Cedars-Sinai Cancer investigators have discovered a new way to predict whether a cancer of the immune system will recur in patients treated with a bone marrow transplant. Their study, published in the peer-reviewed Journal of Clinical Oncology, used a novel technique called spatial profiling to predict patient outcomes, and could lead to more precisely targeted treatment.

“Our method of predicting how Hodgkin lymphoma patients will respond to treatment was more accurate than the most advanced method in current use,” says Akil Merchant, MD, co-director of the Lymphoma Program at Cedars-Sinai and co-senior author of the study. “Our paper is also one of the first to show that this leading-edge technique can be adapted for a clinical setting—a finding that can potentially be used across cancer types.”

Hodgkin lymphoma is a cancer that affects the lymphatic system, a network of organs and tissues—including the bone marrow, lymph nodes, and mucous membranes—that helps protect the body from infection.

To treat Hodgkin lymphoma, doctors commonly perform a stem cell transplant, using healthy blood stem cells from the patient’s own body, to help the bone marrow recover and to create new immune cells that can fight the cancer cells.

“Our new test, developed at Cedars-Sinai, allows us to identify a group of patients who will likely remain disease-free after this stem cell transplant,” Merchant says. “For these post-transplant patients, the goal is to end subsequent treatments, sparing them from additional therapy with potentially life-threatening side-effects. Our findings could also help us design clinical trials to identify therapies to help patients not cured by their transplant.”

Further reading: Foresight Diagnostics’ ctDNA Liquid Biopsy Platform Streamlines Treatment of B-Cell Lymphoma

Lymphoma Testing Details

In this study, done in collaboration with Christian Steidl, MD, PhD, of British Columbia Cancer, investigators analyzed biopsies from 169 patients with Hodgkin lymphoma. They compared the cells and tissues immediately surrounding tumors from patients cured by bone marrow transplant with those from patients whose cancer returned following transplant.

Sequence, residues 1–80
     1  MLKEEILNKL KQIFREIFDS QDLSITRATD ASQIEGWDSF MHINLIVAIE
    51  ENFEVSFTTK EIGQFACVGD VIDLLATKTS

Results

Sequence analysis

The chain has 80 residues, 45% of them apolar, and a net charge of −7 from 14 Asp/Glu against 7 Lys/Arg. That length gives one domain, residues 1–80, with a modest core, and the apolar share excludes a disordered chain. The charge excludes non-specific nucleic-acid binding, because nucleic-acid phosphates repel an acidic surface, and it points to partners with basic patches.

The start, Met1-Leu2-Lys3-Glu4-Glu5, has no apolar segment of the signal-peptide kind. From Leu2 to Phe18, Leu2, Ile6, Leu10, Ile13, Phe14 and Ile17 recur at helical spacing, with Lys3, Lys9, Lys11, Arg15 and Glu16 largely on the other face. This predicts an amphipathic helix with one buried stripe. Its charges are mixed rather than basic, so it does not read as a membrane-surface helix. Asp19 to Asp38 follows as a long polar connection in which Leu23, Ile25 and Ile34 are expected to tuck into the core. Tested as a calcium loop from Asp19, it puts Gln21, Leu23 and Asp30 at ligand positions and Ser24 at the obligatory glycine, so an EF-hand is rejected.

By looking at the distance between the cancerous cells and other cell types, they could predict how the cancer would respond to a transplant using the patient’s stem cells.

“Our study made use of massive datasets combined with machine learning that enabled us to focus on two or three key data points that could be used in a clinical test,” Merchant says. “The test could be widely used to predict which patients are at high risk for relapse after transplant and allow clinicians to tailor their therapy accordingly.”

Alexander Xu, PhD, research scientist at Cedars-Sinai Cancer and co-first author of the study emphasized the value of such a quantitative tool. “Diagnosis and prediction often involve judgment calls. Because our study is quantitative, it will be important in maintaining consistent results from patient to patient and clinic to clinic,” Xu says. 

The investigators are exploring the creation of such a test. They are also pursuing projects to identify similar predictive tests for other types of cancer.  

“This work opens new avenues for the development of spatial biomarkers that can guide treatment of cancer patients in a precise, targeted way,” says Dan Theodorescu, MD, PhD, director of Cedars-Sinai Cancer and the PHASE ONE Distinguished Chair. “Translation of this leading-edge research to a test that can be clinically deployed will help bring the promise of precision medicine to increasing numbers of patients—and will eventually benefit patients with many cancer types.”

Funding: The study is supported by Terry Fox Research Institute Program Project Grants 1061 and 1108; Genome Canada Large Scale Applied Research Project grant 13124; Genome BC grant 271LYM; Canadian Institutes of Health Research grant GP1-155873 and Foundation grant 148393; Canadian Cancer Society Research Institute grant 705288; the BC Cancer Foundation; Paul G. Allen Frontiers Group Distinguished Investigator grant 12829; the Japanese Society for The Promotion of Science; the Uehara Memorial Foundation; the Lymphoma Research Foundation; The Kanae Foundation for the Promotion of Medical Science; and a Lymphoma Research Foundation Lymphoma Scientific Research Mentoring Program scholarship.

Featured image: A researcher works in the Merchant Laboratory at Cedars-Sinai. Photo: Cedars-Sinai